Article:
- This Italian GDP release could have a significant impact on the on the Euro.
- Without better numbers, the clash on the budget will likely continue.
Italy is the euro zone’s third-largest economy, and its economic figures rarely move the Euro. But the preliminary publication for Q3 2018, due on October 30th, will be different. Very different.
This time is different.
Rome vs. Brussels
Italy is clashing with the European Commission over its budget for 2019. The southern-European nation has drafted a budget that foresees a deficit to GDP ratio of 2.4%, breaching the EC’s request for a limit of 2%. Itay’s debt-to-GDP ratio stands at around 130%, second in the euro-zone only to Greece.
The Lega party insists on tax cuts while the 5-Start Movement demands a Citizens’ Income program. They say that without these measures, Italy will never emerge from its slow growth.
The government did not heed to warnings from Brussels and is submitting the budget to parliament on the same day.
Is growth slow? Yes. The economy did not boom in the early 2000s when its neighbors were on the rise, and it never saw an acceleration in growth in the post-crisis years. Back in Q2, the economy grew by only 0.2% while the euro-zone enjoyed a growth rate of 0.4%. Year over year, the nation’s economy expanded by 1.2% and the euro-zone by 2.1%.
Similar figures are expected this time: 0.2% QoQ and only 1% YoY in Q3.
Scenarios 1 and 2: Clash continues, and EUR/USD falls
If the actual data meets expectations, each side will keep digging in its heels. Italy will say that previous policies were failed and that debt-fueled growth is necessary to kick-start the economy. The EC will likely insist that the ongoing high debt-to-GDP ratio will mean that a smaller deficit is essential.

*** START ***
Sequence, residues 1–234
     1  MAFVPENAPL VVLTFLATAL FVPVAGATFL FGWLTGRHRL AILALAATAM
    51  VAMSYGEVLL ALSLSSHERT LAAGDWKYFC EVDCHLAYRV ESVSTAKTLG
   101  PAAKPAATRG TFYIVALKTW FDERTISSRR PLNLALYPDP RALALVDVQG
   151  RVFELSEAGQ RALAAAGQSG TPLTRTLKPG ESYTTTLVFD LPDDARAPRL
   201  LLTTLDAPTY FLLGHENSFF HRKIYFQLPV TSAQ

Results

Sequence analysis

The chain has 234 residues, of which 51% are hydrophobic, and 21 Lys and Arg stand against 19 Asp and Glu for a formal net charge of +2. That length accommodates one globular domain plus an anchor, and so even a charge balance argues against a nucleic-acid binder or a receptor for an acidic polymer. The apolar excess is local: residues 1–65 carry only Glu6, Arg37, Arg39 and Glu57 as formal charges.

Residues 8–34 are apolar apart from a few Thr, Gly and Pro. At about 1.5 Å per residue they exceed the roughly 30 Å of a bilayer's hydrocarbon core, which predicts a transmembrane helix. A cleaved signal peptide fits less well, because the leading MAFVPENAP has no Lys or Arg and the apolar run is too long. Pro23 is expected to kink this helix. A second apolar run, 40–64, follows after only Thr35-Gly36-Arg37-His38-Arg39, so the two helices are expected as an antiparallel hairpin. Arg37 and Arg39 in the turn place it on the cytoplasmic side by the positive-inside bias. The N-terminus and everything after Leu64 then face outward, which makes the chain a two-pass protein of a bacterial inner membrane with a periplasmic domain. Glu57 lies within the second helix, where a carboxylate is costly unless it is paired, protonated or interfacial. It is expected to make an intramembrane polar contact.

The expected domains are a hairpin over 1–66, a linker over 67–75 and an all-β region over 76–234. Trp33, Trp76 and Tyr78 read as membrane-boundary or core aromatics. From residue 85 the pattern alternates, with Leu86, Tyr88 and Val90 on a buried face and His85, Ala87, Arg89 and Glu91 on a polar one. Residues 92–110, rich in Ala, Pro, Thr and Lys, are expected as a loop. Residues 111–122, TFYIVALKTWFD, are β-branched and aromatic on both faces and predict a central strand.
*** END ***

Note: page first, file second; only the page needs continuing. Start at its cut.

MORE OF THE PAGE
If the economy grew at an even slower pace, the clash would become even harsher. Both sides will feel they are vindicated in their positions.
In both scenarios, the EUR/USD will likely suffer as the crisis continues.
Scenario 3: Climbing down the tree
If Italian GDP beats expectations for any reason, it could allow both sides to climb down the tree. A higher GDP means a lower debt-to-GDP ratio, allowing the EC to allow for a more significant deficit in the budget. It may also enable the Italian government to present a smaller deficit to GDP ratio in 2019 using the exact same plan.
In the optimistic scenario that Italy enjoys more than meager growth, both sides could smile and begin negotiations. It does not mean an immediate solution, but it will certainly allow for some breathing room.
The EUR/USD could rise on this relief, even if it is temporary.
Italy’s GDP publication is essential this time due to the focus over the 2019 budget. If the economy grows by 0.2% QoQ or less, it would make aggravate the crisis and weigh on the Euro. A beat on expectations could allow both sides to climb down and the Euro to climb up.